In the past decades, semiconductor lasers have found their ways into many aspects of everyday live. They are used for fiber internet or in smartphones, but are also found in less obvious areas like in self-driving cars or biological tissue analysis. A reason for their success is that these lasers are very small and efficient. However, to create more powerful but still compact lasers, simply adding a bunch of those lasers together to form a big array will not work. The device will lose an important property called coherence. Here, Sebastian Klembt and his team have addressed this issue taking inspiration from the field of mathematical topology. From the 80s on, research was done on topological transport and on topological insulators that conduct electricity on the surface and are insulating in the volume. It was the idea of 2016 Nobel laureate D. Haldane and S. Raghu in 2008 to transfer these concepts to light. Professor Klembt and his team have used topological modes to couple one small laser to the next and so on, to create a topological superlaser emitting with one specific color and with a defined phase. A design of vertical emitting lasers makes it easy to extract the light out of the device. Their approach also helps to make the superlaser robust against fabrication imperfections and outside influences due to its topological nature. Apart from scientific interest in fundamental laser physics, their breakthrough will open the door to a new generation of compact, high-power laser devices with many exciting applications.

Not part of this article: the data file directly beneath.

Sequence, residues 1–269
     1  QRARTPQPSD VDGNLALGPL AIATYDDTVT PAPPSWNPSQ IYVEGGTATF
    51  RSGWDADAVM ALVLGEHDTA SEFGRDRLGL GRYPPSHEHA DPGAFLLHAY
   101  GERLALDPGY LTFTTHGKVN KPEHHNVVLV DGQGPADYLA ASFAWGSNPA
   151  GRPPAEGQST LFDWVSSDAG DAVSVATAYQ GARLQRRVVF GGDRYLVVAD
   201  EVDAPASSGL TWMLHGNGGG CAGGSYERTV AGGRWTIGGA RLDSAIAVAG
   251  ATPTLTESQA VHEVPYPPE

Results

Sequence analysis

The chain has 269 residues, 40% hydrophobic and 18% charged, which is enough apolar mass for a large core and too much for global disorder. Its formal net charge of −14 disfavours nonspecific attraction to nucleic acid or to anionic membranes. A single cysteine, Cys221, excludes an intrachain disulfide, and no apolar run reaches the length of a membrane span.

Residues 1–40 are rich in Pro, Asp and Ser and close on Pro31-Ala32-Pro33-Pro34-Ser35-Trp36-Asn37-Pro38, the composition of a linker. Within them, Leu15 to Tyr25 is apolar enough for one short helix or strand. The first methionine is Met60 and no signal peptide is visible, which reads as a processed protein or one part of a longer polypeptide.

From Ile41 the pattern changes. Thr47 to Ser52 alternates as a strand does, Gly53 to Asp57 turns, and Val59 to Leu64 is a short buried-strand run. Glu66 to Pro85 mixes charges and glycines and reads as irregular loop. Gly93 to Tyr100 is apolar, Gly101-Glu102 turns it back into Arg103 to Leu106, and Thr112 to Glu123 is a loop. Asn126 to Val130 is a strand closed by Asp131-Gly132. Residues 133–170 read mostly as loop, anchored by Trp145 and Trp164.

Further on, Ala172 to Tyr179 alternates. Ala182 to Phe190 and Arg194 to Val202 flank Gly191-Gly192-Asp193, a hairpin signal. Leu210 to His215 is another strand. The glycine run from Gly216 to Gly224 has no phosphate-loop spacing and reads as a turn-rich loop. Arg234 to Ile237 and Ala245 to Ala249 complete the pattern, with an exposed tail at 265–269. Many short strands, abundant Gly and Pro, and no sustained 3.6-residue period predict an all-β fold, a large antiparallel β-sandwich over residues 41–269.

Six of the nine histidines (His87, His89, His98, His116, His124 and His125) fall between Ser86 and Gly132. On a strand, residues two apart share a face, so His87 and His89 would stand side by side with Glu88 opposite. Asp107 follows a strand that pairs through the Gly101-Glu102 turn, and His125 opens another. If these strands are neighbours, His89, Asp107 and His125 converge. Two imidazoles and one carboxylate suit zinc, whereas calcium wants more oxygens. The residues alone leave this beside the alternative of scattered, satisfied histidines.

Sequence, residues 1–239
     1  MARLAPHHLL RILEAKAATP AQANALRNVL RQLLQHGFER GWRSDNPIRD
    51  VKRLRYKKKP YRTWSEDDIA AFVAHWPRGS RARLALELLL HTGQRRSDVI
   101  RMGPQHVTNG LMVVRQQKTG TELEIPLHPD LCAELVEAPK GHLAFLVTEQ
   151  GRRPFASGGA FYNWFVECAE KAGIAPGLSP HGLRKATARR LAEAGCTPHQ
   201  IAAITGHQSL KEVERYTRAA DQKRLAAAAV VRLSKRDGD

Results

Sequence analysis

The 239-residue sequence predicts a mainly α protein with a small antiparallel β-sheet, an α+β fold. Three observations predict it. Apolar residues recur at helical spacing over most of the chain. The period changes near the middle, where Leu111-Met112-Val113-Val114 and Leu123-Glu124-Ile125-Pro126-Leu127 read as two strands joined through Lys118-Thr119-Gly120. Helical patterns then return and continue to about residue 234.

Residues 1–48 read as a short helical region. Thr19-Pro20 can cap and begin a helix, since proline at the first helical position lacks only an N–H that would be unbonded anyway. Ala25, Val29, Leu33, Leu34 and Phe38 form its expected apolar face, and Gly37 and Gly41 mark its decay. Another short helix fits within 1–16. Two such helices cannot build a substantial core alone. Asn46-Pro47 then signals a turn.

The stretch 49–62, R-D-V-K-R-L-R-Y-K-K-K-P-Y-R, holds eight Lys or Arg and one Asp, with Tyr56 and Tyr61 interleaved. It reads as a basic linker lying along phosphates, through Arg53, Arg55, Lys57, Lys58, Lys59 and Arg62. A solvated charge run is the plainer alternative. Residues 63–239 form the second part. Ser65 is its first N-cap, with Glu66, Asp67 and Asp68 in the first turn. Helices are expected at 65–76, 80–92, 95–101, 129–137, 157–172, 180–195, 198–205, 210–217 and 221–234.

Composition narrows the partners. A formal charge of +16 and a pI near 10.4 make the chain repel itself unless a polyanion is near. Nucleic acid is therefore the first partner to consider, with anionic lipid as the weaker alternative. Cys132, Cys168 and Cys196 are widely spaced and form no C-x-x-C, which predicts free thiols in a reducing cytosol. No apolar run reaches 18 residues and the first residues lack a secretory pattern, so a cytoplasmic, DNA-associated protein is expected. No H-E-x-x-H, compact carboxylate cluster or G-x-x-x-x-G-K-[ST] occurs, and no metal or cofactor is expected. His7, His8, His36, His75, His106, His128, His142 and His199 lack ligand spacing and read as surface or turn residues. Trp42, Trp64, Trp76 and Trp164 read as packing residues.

Sebastian Klembt was born in 1983 in Kiel, Germany. Raised in Bremen with strong interest for nature, music, cycling and all things around. In Bremen I began studying physics and philosophy before I moved to Switzerland to finish my physics diploma at ETH Zürich. I obtained a PhD with highest honors from Bremen University, fabricating and studying semiconductor lasers emitting blue light. After that I joined Institut Néel in Grenoble, France for a postdoc in advances semiconductor spectroscopy, with a little bit of hiking and skiing on the side. I joined the Chair for Applied Physics in Würzburg as a Marie Skłodowska-Curie Fellow and group leader working in the field of topological photonics. In 2020 I was appointed assistant professor at the University of Würzburg within the cluster of excellence ct.qmat. Married and proud father of two.